The best news about the Rose in Kingston is that it really does work as a welcoming and agreeable theatre. You could not say that Peter Hall’s production of Chekhov’s Uncle Vanya - in Stephen Mulrine’s 1999 translation for English Touring Theatre, which inaugurates the new theatre before embarking on a nationwide tour - will go down as one of the greatest in history; but it is a serviceable, unfussy account, fleetly played.
The simplicity of the Rose means that the play must stand on its own two feet. There is nowhere to store or fly scenery. The house is arranged on three levels hugging the wide, epic stage, which is now cunningly tilted in a rake, with “groundlings” seated on cushions on the floor.
Designer Alison Chitty, who has finished the theatre in discreet blue and white to complement the new wood everywhere, places a single glowing tree centre stage and gives the actors a battery of chairs to sit and loll on, and move gingerly between. Three cheers for those chairs, which must number almost as many as you sometimes find in a Trevor Nunn production.
The acting is as discreet as the furnishing. Ronald Pickup is a modestly inflected Serebryakov, not at all the vainglorious academic grandee, while Michelle Dockery’s Yelena, his new young wife, is more sweet than soignée. The central tragedy of Vanya being stranded on the rocks of his own existence, his sense of having been taken advantage of, does not really figure with Nicholas Le Prevost. He is dry, wry and full of a certain residual bitterness, but the great welling in his heart is always under control.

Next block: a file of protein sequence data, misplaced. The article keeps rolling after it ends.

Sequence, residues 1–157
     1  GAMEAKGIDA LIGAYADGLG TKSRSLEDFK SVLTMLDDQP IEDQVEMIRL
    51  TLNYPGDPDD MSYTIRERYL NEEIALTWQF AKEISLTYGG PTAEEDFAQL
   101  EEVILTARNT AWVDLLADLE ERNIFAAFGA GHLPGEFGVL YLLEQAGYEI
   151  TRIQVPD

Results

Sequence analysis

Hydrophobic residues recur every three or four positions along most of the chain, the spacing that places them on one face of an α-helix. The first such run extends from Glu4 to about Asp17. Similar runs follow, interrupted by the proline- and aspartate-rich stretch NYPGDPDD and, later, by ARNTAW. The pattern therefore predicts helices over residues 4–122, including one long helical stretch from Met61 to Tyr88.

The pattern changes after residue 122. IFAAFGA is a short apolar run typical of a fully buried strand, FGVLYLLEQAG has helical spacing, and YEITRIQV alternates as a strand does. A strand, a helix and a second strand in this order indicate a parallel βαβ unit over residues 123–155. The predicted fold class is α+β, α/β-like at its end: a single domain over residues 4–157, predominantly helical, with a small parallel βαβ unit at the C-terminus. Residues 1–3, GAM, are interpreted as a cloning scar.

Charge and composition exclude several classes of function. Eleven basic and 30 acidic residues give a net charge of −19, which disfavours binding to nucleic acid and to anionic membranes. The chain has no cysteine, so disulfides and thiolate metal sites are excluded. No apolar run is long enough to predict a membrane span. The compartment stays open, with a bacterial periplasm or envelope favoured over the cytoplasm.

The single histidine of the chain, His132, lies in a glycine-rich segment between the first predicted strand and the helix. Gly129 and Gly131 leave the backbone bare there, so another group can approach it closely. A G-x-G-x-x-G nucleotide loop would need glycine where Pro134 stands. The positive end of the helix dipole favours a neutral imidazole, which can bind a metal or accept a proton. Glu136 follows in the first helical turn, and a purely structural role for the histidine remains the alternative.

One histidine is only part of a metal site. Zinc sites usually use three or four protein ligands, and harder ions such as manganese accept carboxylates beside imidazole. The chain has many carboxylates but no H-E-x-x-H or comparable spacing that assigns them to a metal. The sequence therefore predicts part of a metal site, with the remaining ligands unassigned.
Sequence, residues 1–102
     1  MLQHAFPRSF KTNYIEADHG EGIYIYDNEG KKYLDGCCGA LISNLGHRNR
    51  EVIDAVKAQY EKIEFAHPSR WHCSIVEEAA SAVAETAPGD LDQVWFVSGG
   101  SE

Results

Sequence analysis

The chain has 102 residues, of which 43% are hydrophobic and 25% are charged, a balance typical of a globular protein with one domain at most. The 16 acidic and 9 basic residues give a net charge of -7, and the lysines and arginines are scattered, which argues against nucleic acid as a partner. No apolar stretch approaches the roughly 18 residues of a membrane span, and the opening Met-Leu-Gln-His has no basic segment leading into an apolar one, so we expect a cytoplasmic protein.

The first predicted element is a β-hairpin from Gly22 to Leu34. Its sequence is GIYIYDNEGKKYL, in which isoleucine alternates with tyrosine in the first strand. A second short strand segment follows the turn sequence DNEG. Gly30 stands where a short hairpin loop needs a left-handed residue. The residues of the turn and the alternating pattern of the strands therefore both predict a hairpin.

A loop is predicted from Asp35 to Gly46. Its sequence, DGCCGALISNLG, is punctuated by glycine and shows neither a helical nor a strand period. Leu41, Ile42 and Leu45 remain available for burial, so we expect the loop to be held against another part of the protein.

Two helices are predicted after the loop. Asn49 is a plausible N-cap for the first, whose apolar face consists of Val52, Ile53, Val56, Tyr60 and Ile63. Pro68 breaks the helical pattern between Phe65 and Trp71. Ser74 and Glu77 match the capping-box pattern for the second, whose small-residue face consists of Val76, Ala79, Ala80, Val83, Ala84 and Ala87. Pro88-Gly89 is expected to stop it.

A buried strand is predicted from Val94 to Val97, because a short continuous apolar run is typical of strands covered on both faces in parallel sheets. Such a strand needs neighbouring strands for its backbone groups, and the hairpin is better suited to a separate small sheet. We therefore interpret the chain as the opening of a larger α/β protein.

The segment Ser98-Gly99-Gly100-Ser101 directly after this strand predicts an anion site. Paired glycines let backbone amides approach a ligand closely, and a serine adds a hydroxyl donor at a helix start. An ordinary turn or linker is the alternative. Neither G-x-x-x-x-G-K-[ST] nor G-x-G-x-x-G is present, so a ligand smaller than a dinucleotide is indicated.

His friend and rival, the visionary doctor Astrov, is played with a modicum of panache by Neil Pearson, but again, you never feel he’s breaking Sonya’s heart with his diffidence. Sonya herself is played by Loo Brealey as a contented doormat. The final heart-breaking moments, as Sonya comforts Vanya over his books and promises some joy and rest in the next world, form merely a comforting coda to disappointment.
The show does have the clear, simple line of the best of Stephen Unwin’s ETT productions, and it will be interesting to see how Unwin, once he gets going as Hall’s successor as artistic director at the Rose, brings that trademark clarity to bear on the new space.
In the meantime, this Vanya is more of an advertisement of good intentions than a mission statement. Good, though, to see such estimable veterans as Faith Brook and Antonia Pemberton showing up well as, respectively, the professor’s widowed mother-in-law and the old nurse.
- Michael Coveney (reviewed at the Rose Theatre, Kingston)